ADHD parental advocacy for exercise is more about changing a child’s sedentary lifestyle. Parents should encourage their children to refrain from video and computer games. Encouragement must start at a young age when unhealthy habits are easier to change.

The ADHD establishment is constantly debunking the theory that too much TV causes ADHD. While watching TV doesn’t directly cause ADHD, lying around without significant exercise does worsen the symptoms of the condition. Parents are the first line of defense in preventing a sedentary lifestyle from becoming entrenched in a child’s lifestyle.

Diet and Nutrition

Sugar was once thought to be a contributor to ADHD symptoms. Once again, ADHD science appears to be dispelling the sugar attribution as a myth. Nonetheless, a healthy diet based on nutritional components, like exercise, is an essential part of keeping the body and mind healthy.

Parents may not have a stronger advocate for their ADHD children than the choices they make about nutrition. Fast food is out. Fruits, vegetables and fish rich in omega fatty acids are in.

competitive sport

Many parents make the mistaken assumption that exercise reduces impulsiveness and hyperactivity. The energy released during an athletic competition will calm an ADHD child. The problem, however, is that distraction is a trait that ruins athletic performance.

Enrolling an ADHD child in sports leagues is an excellent strategy to avoid the mind-numbing games played in front of televisions and computer screens. True parental ADHD advocacy means thoroughly explaining to the child’s coach what exactly constitutes the condition known as ADHD. Most coaches are willing to adapt their coaching style to support an ADHD child’s strengths.

Advocacy also means not pushing your child into a sport they don’t enjoy. Find the right sport and encourage the child to participate until they reach peak performance or lose interest altogether.

education

A child’s ADHD diagnosis is often the result of academic performance. Teachers and administrators notice the child’s distraction and hyperactivity and bring the behavior to the parents’ attention. ADHD parental advocacy for a child’s educational achievement is irrefutably mandatory.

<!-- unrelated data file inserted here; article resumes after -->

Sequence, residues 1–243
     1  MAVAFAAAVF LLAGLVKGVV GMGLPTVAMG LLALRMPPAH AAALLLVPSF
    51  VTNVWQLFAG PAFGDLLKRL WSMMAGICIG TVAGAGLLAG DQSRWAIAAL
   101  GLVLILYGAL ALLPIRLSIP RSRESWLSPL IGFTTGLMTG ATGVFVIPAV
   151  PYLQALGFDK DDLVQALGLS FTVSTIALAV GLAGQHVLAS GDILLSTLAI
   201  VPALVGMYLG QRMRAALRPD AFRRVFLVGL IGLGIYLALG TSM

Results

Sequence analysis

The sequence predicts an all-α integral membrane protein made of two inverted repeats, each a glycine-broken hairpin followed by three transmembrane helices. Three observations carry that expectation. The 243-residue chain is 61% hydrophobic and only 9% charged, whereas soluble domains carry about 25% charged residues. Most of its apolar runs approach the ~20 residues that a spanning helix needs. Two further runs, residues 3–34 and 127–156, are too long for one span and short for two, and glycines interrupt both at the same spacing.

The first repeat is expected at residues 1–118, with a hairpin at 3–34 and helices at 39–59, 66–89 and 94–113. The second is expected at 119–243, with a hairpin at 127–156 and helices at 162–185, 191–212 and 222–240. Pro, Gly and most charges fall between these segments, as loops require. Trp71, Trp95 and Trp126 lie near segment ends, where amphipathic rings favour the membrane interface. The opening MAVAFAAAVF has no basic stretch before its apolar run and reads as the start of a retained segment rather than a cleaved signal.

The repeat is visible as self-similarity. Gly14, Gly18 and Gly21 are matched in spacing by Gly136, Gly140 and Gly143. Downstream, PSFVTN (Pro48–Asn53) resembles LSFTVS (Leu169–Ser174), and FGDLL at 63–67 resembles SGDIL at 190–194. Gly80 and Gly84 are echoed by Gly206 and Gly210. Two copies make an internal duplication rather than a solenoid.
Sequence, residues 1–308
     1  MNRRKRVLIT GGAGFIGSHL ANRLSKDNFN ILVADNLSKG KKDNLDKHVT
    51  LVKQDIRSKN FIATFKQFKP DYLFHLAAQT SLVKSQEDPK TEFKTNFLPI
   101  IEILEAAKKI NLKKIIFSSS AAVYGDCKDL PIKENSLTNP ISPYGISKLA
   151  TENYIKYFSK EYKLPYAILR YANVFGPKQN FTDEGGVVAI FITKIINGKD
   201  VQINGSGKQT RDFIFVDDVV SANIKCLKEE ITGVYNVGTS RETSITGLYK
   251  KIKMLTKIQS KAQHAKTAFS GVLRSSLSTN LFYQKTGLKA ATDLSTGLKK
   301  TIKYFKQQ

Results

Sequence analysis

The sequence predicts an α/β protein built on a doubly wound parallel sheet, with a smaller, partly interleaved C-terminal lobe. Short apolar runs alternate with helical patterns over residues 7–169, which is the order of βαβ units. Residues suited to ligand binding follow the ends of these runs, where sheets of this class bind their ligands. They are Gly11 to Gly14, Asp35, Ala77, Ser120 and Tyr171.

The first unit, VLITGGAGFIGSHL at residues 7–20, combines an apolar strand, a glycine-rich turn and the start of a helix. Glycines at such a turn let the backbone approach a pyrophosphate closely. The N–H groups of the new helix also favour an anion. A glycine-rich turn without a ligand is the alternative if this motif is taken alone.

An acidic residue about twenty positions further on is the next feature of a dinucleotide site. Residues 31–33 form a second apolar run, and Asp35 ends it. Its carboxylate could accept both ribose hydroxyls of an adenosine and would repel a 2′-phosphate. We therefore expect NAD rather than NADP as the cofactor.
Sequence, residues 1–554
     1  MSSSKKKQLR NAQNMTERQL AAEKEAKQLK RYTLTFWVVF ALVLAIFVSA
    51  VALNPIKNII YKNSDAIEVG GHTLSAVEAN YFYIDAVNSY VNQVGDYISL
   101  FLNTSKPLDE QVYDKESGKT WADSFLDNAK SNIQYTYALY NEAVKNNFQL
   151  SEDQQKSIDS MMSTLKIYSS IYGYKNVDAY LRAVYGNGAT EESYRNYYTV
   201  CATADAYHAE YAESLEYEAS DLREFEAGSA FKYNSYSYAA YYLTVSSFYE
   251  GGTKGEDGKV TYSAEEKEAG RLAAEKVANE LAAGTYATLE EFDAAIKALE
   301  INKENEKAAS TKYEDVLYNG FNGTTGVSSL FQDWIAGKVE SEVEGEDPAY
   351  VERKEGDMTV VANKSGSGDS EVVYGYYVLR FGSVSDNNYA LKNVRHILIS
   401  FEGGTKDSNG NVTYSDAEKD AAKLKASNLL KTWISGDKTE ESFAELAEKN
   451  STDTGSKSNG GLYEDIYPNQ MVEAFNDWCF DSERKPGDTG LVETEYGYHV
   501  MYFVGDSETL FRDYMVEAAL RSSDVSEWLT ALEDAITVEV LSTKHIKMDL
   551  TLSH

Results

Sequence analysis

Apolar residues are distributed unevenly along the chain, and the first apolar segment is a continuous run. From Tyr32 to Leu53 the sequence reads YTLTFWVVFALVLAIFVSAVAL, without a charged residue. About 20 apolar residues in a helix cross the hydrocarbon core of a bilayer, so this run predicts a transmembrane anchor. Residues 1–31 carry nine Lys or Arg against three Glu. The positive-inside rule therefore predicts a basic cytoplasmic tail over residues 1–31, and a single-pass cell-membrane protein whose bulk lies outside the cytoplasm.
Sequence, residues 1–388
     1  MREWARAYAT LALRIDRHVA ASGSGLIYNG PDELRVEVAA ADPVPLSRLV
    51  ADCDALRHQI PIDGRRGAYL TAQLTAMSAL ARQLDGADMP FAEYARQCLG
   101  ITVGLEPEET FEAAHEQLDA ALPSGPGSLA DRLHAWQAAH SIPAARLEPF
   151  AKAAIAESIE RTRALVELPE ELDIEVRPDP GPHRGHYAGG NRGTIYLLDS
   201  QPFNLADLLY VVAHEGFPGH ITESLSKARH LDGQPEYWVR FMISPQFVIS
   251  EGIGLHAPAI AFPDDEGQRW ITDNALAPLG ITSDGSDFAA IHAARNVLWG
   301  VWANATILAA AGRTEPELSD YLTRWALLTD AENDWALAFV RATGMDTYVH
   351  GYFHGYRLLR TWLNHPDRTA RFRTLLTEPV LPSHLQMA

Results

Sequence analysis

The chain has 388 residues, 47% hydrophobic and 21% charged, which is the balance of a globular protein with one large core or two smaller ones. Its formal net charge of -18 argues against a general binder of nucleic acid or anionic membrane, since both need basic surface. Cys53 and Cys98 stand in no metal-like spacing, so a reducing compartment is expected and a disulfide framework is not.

Be aware of how the school system is making changes to improve your child’s ability to learn. Knowledge of ADHD laws is a start, but constant monitoring of your child’s performance and persistent insistence that the school complies with ADHD laws strengthens parental ADHD advocacy. Part of Mark Norris’ work is to build a strong partnership between parents and academic professionals. With parental consent, he organizes school reunions and follow-up sessions with them, their child, and the academic team involved in the child’s success. An objective and detailed portrait of the child’s strengths and challenges is presented and classrooms are set up where necessary.

Parents can also create a nurturing environment at home, where one-to-one tuition complements the lessons at school. The ultimate ADHD parental advocacy strategy is to educate your child in a home school setting.

Political system

Political advocacy means getting involved in ADHD organizations that urge legislators to create ADHD-friendly legislation. Participation in ADHD organizations at least allows you to keep up to date with changes in legal status affecting your child.

parent coaching

ADHD coaching is a growing industry. Most of the attention given to this alternative method of treating ADHD is the utility of an adult trainer. Parent coaching is not about looking after your child. It’s about taking classes and absorbing information from a certified ADHD coach.

Parent coaching puts you in the shoes of the student. You will learn many strategies to develop your child’s strengths and alleviate the more distressing ADHD symptoms. Mark Norris is at the forefront of this invaluable movement. He has developed a comprehensive website on the subject and a detailed coaching program that he implements for adults.

It is estimated that four to six percent of the United States population has ADHD. Recent trends suggest that percentages will rise sharply. Most of the increase is due to the rising diagnosis rate in children. As the rate continues to rise, parents need to be aware of the advocate responsibilities they inherit as their child navigates the turbulent waters of ADHD.

Advocacy means commitment. Participation only occurs if you work intensively for the progress of your ADHD child.